One of the most challenging things about being undocumented is the uncertainty. For me, that challenge was magnified when I started thinking about college.
I was born in Mexico, and I came to the United States with my family when I was three years old. I grew up in the Albany Park neighborhood and lived there for fifteen years with my parents and younger sister.
I loved my high school experience at Lane Tech—I took eight Advanced Placement classes and joined the orchestra my freshman year to learn to play the violin. I tried to meet as many people and join as many extracurriculars as I could. I knew I’d be successful in college if I had the motivation and the financial resources.
Motivation was the easy part—getting a bachelor’s degree has always been a sure thing in my mind because I’m focused in school and earn good grades. But I wasn’t sure about how to pay for college. Throughout high school, the idea of funding my degree felt like such an overwhelming burden.
So, when I learned about City Colleges of Chicago’s Star Scholarship program, attending Wright College was an easy decision. The scholarship covered all of my tuition and books.
Then, while I was still in high school, a college-aged friend told me about TheDream.US scholarship they received. The award is designed to help undocumented students like us earn a bachelor’s degree. Even then, I knew I had to get it, and securing TheDream.US scholarship became the focus of everything I did.
Despite the challenges of the COVID-19 pandemic, Wright College had so much to offer. I decided to pursue an associate degree in computer science and set my sights on software engineering as a career. Starting college right in the middle of the pandemic meant classes were all held online, but my teachers were so patient and kind as we all learned how to live and learn remotely together.
I joined the Wright College Student Government Association (SGA) as a senator and later became the director of the SGA public relations committee. The advising and transfer centers became integral to all my future planning. I spoke a lot with Susan Calabrese, the director of the Transfer Center, and Maria Llópiz, the associate dean of student services, about my desire to transfer to the University of Illinois at Chicago (UIC) because of its strong technology and engineering departments. I used the online transfer program, Transferology, and focused on taking the largest number of City Colleges classes I could to avoid paying more later.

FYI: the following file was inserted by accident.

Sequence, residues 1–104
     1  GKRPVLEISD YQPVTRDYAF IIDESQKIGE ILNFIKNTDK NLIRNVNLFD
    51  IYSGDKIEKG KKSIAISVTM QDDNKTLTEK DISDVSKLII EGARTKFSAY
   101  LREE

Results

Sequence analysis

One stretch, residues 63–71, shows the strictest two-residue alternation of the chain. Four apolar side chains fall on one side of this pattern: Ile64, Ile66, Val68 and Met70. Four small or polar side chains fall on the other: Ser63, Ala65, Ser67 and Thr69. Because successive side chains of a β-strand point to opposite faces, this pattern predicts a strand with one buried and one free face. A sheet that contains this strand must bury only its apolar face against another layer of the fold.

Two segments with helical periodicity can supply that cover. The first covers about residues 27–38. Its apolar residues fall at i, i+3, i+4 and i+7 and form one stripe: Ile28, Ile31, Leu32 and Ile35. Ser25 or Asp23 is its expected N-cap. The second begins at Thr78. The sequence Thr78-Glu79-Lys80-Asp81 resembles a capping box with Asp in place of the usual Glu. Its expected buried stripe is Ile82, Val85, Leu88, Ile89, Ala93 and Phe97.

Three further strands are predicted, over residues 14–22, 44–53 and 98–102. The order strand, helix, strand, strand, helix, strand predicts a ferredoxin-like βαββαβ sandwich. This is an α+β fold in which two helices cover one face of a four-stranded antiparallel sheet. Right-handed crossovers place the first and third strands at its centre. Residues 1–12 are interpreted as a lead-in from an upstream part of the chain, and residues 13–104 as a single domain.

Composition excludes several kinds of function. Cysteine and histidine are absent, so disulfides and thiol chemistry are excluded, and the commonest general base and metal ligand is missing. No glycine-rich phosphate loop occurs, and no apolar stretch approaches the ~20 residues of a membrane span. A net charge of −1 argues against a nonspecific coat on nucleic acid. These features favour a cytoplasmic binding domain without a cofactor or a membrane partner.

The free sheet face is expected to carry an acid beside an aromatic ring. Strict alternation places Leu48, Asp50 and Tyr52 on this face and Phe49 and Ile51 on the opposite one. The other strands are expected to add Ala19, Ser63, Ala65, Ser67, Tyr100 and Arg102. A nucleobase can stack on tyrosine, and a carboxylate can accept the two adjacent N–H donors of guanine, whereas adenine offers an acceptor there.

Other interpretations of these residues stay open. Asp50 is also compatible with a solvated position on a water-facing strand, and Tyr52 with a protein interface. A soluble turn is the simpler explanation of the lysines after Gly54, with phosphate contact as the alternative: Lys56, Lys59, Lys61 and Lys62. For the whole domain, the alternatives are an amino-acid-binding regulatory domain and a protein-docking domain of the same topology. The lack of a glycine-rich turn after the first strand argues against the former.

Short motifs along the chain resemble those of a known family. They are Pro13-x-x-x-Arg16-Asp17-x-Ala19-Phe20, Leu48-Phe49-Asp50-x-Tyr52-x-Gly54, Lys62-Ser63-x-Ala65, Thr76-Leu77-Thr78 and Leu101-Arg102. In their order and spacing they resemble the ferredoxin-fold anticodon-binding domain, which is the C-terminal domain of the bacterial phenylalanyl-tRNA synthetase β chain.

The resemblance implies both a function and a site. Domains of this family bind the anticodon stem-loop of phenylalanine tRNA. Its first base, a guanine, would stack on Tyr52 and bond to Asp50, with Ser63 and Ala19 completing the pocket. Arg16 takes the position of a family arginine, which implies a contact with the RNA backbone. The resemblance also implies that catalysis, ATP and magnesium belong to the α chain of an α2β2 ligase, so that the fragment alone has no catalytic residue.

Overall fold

Like I said, one of the most challenging things about being undocumented is the uncertainty. But when I got the news that I received TheDream.US scholarship and was able to use it at my first-choice school, I felt so set. I have the motivation and the skills to be successful in college, but I just needed that financial support. TheDream.US scholarship covers almost all UIC’s costs—it’s a huge burden off my shoulders.
My luck seemed to multiply when Director Calabrese told me about the CME Group Star Scholarship award. As a computer science major, she told me it could offer me even more financial support. I couldn’t believe I earned that too.
My parents tell me they’re grateful for the hard work I’ve put in to earn scholarships and figure out a way to make college possible. I have cousins who are also first-generation college students who have had to pay for college out of pocket. My sister doesn’t exactly understand the weight of it all as a fourth grader, but I want to help her stay involved in education because I know this path can lead to a comfortable and stable career.
Because of my immigration status, I have always had to push through my own doubts about whether pursuing higher education is worth it. But I’ve learned to take things one step at a time and celebrate each win as it comes.
As far as my future goes, I’m excited about what I can accomplish at UIC. As soon as I graduate, I hope I can start working as a software engineer. The tech space is always booming with new companies and job opportunities. Working at a top company like Google, Tesla, or Amazon would be dream job, and further down the line, I’m thinking about getting a Master’s in Business Administration (MBA).
To my undocumented classmates at City Colleges: I encourage you to do your research to learn about all the resources available to you. Talk to the right people—there really are a bunch of them at City Colleges of Chicago.
-Diego Ramirez, Wright College Alumni, Class of 2022